Senate Vote on CFPB Arbitration Rule a Win for Consumers

October 24, 2017
Nick Simpson

“This rule was ill-conceived, based on an incomplete study and did not fulfill the Bureau’s goal of protecting consumers.”

WASHINGTON – Consumer Bankers Association President and CEO Richard Hunt released the following statement after the U.S. Senate passed a Congressional Review Act resolution overturning the Consumer Financial Protect Bureau’s (CFPB) arbitration rule:

“The Senate acted to protect consumers with this vote. Overturning the CFPB’s arbitration rule ensures consumers retain the tools they need to receive relief without going through long, drawn-out, costly court proceedings – where no one benefits except trial lawyers. The CFPB’s own study even verifies arbitration is more effective when it comes to helping consumers.

“This rule was ill-conceived, based on an incomplete study and did not fulfill the Bureau’s goal of protecting consumers.

“We thank Chairman Crapo for his work in the U.S. Senate as well as Chairman Hensarling and Congressman Rothfus for their efforts in the House of Representatives on this important consumer matter.”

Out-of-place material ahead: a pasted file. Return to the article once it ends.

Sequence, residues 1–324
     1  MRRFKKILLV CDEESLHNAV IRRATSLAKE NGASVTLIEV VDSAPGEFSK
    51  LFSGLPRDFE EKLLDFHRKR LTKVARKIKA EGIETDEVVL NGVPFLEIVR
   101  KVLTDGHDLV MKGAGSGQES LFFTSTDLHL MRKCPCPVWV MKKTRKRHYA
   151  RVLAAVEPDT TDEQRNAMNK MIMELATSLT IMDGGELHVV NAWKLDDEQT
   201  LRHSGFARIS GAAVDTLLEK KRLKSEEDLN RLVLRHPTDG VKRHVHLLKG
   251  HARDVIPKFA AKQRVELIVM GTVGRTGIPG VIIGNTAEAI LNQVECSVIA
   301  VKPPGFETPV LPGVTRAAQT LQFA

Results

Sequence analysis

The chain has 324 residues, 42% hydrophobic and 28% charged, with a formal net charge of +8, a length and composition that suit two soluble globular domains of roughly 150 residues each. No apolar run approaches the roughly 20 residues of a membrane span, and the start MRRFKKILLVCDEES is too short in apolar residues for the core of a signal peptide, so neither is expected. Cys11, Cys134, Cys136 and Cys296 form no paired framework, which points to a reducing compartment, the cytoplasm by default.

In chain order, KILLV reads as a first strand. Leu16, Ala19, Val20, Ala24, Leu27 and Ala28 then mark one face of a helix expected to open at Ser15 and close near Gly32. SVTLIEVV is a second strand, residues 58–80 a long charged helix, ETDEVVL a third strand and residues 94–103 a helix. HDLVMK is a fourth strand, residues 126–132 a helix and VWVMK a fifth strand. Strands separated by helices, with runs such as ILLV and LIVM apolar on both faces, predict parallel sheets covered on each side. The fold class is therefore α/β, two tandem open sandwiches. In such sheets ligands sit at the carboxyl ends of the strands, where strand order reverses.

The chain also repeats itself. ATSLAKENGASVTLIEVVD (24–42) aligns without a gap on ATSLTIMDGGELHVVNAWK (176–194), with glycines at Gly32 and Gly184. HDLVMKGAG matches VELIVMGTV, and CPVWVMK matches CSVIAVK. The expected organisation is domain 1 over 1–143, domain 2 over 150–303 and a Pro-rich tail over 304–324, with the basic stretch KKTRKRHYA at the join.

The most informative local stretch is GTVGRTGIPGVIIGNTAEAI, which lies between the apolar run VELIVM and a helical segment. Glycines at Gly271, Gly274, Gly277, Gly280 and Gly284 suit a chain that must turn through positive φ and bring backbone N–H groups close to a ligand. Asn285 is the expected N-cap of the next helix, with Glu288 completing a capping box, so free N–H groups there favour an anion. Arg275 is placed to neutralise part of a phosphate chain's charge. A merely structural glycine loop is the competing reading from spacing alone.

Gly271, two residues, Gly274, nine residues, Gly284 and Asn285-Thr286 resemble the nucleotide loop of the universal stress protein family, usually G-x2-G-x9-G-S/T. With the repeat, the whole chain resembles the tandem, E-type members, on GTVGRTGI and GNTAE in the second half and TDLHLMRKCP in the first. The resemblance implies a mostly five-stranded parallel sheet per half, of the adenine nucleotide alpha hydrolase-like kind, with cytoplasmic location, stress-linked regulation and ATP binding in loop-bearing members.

The Bureau’s own study shows the average consumer receives $5,400 in cash relief when using arbitration and just $32 through a class action suit. The trial lawyers managing these cases, however, have received approximately $424 million, an average of more than $1 million per case.

The U.S. House of Representatives overturned the CFPB’s rule in July. The Congressional Review Act states that once the resolution is passed by both Chambers of Congress and signed by the President, the rule under debate is repealed and substantially similar rules can only be reissued with specific legislative authorization. 

More information on CBA’s work regarding the CFPB’s arbitration rule is below:

·         Joint Trades Letter to Congress Supporting Repeal of CFPB’s Arbitration Rule

·         CBA Arbitration One-Pager

·         CBA Arbitration Myth vs Fact One-Pager

About the Consumer Bankers Association:

The Consumer Bankers Association represents America’s retail banks above $10 billion in assets. We advance legislation and promote policies geared toward creating a stronger industry and economy. Established in 1919, CBA’s corporate member institutions account for 1.6 million jobs in America, extend roughly $3 trillion in consumer loans, and provide $270 billion in small business loans. Follow us on Twitter @consumerbankers.